Year 1 of legal cannabis a dress rehearsal for what comes next

As legal recreational cannabis turns one year old today, industry experts say changes coming to how and what Canadians consume will be significant.

New cannabis vapes and infused beverages will appear as early as December

A man holds up cannabis he bought at Spiritleaf, the first cannabis store in Kingston, Ont., on Monday April 1, 2019. (Lars Hagberg/The Canadian Press)

As Canadians mark one year since the legalization of recreational cannabis, industry experts say more significant changes are coming down the pipe.

Wearing a hat emblazoned with a large marijuana leaf and the word 'dope' in downtown Ottawa Wednesday, Billy Ladouceur has never hidden his enthusiasm for weed.

Still, he said he's glad for the legalization which kicked in on Oct. 17, 2018.

"Instead of sitting behind a tree to smoke a joint, now we'll sit in front of a tree to smoke a joint," he said.

"Instead of sitting behind a tree to smoke a joint, now we'll sit in front of the tree," said Billy Ladouceur. (Stu Mills/CBC)

There is also criticism regulated, legal supply in Ottawa has sometimes been inconsistent in both quantity and quality.

"The quality, I find, it's not good," said Crystal Curnock.

"It's old, it's been packaged, it's dry, when you bust it up it's just powder."

"The quality I find, it's not good," said Crystal Curnock. (Stu Mills/CBC)

But experts who work in the marijuana industry say the preceding 365 days have really been just a dress rehearsal.

Beginning today, processors will start seeking Health Canada approval for a whole new range of pot-infused edible, topical and vape products that will change how Canadians consume cannabis.

Jay Rosenthal is the president and co-founder of a marijuana news and analysis group called Business of Cannabis. 

"The industry and all levels of government have had a challenging time understanding how to go from 0 to 100 really, really quickly," he said, summarizing year one.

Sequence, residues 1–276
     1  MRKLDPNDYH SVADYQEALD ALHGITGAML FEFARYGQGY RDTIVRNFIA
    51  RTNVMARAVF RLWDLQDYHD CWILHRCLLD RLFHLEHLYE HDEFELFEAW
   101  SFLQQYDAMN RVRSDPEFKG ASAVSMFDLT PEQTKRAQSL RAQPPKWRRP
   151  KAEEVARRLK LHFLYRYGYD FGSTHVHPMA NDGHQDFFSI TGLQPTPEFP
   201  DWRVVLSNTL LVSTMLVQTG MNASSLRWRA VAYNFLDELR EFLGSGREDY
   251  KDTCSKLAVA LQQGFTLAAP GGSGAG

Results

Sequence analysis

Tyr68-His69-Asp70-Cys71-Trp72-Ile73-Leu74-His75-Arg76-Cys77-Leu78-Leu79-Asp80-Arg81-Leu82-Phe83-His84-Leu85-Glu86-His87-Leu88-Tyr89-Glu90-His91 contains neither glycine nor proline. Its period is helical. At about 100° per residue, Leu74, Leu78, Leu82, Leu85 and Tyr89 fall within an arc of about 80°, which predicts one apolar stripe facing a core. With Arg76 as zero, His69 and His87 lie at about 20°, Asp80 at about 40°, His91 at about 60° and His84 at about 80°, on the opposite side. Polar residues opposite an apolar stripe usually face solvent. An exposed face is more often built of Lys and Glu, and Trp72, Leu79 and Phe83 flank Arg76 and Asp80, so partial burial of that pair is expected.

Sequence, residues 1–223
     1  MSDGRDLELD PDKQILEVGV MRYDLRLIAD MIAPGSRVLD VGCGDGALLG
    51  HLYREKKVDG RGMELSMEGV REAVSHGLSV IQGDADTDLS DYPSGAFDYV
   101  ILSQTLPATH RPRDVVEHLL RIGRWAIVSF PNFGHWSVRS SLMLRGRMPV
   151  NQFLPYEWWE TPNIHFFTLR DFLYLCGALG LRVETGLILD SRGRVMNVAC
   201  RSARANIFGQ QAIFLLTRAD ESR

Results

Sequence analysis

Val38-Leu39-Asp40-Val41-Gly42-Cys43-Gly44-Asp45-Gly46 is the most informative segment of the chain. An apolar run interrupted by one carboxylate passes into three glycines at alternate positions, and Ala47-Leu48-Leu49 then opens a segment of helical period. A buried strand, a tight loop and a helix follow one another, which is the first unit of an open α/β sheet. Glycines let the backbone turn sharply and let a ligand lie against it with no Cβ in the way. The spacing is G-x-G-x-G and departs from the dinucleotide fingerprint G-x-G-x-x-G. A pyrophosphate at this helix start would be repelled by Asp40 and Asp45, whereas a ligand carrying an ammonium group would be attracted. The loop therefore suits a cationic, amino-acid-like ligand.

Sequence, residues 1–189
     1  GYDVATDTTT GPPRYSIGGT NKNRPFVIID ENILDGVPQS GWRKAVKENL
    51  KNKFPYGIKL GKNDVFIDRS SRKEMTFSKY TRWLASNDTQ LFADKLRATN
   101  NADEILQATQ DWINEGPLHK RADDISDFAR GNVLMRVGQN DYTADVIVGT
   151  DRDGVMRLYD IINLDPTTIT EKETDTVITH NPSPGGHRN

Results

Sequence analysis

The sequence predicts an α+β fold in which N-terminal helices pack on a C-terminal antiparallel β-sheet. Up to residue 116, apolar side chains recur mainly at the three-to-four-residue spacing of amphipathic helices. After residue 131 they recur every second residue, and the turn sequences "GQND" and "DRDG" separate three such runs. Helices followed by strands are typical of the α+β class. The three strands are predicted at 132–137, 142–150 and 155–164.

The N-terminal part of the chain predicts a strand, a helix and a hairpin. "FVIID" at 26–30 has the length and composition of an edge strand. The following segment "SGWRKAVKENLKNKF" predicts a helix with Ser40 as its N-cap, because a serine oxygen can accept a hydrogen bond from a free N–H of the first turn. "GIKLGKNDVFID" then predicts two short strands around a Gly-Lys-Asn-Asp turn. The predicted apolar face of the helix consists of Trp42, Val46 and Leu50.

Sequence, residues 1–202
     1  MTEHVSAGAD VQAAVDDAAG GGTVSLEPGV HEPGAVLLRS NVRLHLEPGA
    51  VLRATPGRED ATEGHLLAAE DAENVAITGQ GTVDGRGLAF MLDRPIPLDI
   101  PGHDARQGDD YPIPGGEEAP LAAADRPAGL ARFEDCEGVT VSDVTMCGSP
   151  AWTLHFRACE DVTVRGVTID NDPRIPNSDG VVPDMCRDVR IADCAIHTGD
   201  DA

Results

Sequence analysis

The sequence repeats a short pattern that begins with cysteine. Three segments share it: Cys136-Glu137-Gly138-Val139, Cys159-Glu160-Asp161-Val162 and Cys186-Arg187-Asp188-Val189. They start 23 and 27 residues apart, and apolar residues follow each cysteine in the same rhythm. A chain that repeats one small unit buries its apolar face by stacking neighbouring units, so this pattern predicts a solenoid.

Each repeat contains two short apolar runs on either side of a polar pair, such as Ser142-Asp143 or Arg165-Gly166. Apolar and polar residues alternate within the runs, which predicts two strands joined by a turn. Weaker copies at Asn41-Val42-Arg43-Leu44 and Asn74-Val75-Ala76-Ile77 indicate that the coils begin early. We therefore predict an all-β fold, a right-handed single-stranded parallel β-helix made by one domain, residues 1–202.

He said the past year has shown that Canadians have a "fairly ravenous" appetite for cannabis and want more pot options than they've had.

Wrench thrown into vaping hype

Processors can now notify Health Canada of plans to bring a second wave of products to market.

Sixty days after that notification, and pending approval, the cannabis companies are permitted to ship new products to their distributors.

So, technically, a new wave of pot products will be on shelves by Dec. 17 — but realistically speaking, it's likely that licensing amendments, packaging, labelling and shipping details for a whole host of new products will need to be ironed out with the federal regulator.

Most of the industry excitement is around beverages infused with cannabis and vapes, says Trina Fraser, an Ottawa-based lawyer who has become an expert on the business side of pot.

"I think it has been successful," she said, summarizing the past year. 

"The public-at-large has kind of acknowledged that the sky didn't fall, and a year later society hasn't decayed. We're not living in a fog of cannabis smoke," she joked.

She called recent concerns over lung infections connected to vaping an "interesting wrench" thrown into industry predictions about the likely popularity of marijuana vaping.


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